Alderman’s Walk


Ald Walk Plaque

Lifting up a Newark on Trent Tea towel with coloured illustrations of buildings, designed by Mr Syd Vanns


Stone set depicting the line of the ‘Walk’

On a very cool Sunday afternoon, 20th October 2002, Mrs Marjorie Clay Dove uncovered this plaque in the presence of the Town Mayor, Councillor Peter Foster and the Mayoress, and Councillor Ken Fletcher, Vice Chairman of the District Council and Mrs Fletcher. Other past mayors were present, some of whom had contributed to the cost of the plaque. The Society’s Chairman, Mr Mike Cox, welcomed everyone. Ald Walk unveiling

Mr Vernon Radcliffe MBE told those present that the word ‘Alderman’  was the title of the chief citizen of the town following from its incorporation in 1549, and continued until the grant of the Charter by King Charles I in 1626. The Alderman had twelve Assistants, and over time their power and duties were increased.

There had been attempts at street paving in 1328 to 1335, under posers granted to the Bishop of Lincoln, and paid for by tolls. However, following from the Parliamentary Act of 1585, paving commenced, and proceeded slowly. By 1621 (we read) there was a ‘causeway’ six feet wide extending from the house at the west corner of the Market Place, later occupied by Alderman Hercules Clay (who died in office) to Church Lane, leading to the South Porch of the Parish Church.

At this time there was a market Cross, with a gaol, in the centre of the Market Place and near where the causeway passed it were carved ‘HW 1619’: the initials being those of Henry Webster, Alderman in 1603 and 1613.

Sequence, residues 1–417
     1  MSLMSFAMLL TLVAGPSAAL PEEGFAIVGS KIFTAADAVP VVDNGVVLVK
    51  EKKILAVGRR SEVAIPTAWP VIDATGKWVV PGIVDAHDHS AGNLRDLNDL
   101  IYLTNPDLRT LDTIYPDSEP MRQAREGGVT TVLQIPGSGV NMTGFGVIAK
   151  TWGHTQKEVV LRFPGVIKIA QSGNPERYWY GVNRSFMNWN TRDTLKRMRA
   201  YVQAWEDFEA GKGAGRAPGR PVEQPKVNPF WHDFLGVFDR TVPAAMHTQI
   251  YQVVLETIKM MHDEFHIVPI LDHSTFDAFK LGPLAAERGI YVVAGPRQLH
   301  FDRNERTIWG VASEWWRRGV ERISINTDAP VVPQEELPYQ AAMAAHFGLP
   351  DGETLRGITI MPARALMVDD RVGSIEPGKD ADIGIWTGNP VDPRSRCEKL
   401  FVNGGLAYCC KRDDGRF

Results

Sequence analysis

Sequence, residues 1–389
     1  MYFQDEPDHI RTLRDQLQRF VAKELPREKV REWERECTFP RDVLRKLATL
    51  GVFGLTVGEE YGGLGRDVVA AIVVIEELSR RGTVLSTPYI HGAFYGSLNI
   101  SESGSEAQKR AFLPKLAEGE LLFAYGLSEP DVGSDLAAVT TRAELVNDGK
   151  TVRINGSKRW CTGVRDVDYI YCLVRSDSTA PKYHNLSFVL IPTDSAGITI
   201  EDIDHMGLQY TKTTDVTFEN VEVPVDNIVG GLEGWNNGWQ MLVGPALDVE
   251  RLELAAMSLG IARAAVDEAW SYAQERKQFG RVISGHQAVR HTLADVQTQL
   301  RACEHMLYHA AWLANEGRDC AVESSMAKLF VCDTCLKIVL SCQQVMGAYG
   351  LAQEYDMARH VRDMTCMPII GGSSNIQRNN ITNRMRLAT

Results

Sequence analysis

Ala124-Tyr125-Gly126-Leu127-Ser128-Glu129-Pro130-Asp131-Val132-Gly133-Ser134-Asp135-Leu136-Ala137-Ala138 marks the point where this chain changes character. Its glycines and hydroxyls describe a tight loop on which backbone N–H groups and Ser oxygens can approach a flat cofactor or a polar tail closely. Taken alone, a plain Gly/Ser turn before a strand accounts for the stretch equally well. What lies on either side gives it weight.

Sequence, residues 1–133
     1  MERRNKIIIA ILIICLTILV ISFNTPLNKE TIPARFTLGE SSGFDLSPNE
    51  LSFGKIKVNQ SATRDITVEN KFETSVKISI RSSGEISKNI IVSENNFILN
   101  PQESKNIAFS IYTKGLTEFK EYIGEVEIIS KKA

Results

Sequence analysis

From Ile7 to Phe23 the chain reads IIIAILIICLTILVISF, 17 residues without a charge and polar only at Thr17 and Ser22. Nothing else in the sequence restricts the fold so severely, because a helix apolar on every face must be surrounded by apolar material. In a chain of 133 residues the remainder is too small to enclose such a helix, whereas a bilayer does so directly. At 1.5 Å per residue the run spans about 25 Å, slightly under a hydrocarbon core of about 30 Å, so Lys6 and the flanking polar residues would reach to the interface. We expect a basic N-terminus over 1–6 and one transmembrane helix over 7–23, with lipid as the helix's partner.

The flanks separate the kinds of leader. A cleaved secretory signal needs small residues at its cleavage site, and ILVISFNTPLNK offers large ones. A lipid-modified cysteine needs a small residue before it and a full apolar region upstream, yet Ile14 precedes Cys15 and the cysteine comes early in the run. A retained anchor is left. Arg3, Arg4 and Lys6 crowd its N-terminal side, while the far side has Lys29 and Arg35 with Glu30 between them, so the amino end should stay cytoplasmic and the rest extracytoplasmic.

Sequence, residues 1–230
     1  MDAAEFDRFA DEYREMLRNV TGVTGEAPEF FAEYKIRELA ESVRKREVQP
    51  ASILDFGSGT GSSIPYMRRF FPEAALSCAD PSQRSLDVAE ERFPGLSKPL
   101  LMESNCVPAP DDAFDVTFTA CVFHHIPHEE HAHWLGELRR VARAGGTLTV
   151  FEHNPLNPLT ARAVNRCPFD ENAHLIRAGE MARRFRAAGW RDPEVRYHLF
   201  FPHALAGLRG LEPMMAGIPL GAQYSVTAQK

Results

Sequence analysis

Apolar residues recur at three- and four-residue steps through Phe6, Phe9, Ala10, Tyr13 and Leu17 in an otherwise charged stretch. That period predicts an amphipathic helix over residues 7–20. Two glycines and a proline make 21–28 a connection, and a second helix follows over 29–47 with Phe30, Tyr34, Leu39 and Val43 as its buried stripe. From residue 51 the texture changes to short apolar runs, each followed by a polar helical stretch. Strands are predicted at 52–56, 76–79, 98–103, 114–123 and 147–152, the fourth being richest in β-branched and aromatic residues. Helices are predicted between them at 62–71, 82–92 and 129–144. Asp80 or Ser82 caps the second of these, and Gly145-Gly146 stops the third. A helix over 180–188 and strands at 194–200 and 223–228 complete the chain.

The 1620s were an interesting time. In 1617, the Vicar, the Reverend William Mason, had given the Wand ceremoniously carried by the Mayor today. He had preached before King James I in 1622, who was to die in 1625. The Scottish nobles would have passed through the town to and from the funeral. Then came the Charter of 1626, creating the Borough. There are no Aldermen of the Borough of Newark alive today. (see footnote)


One line of a set of two that marks the ‘Walk’ across the Market Place.

With the resurfacing of the Market Place, the causeway has been marked with domed studs. The Society thanked Mr Stuart Squires, lately the Conservation Officer, and Mr John Perkins, both of the District Council, for their interest and invaluable help in this project.

(This article appeared in the NALHS Newsletter 145 dated November 2002, and was written by Vernon Radcliffe)




(Created by the election of councillors under posers granted under the Municipal Corporations Act of 1835.)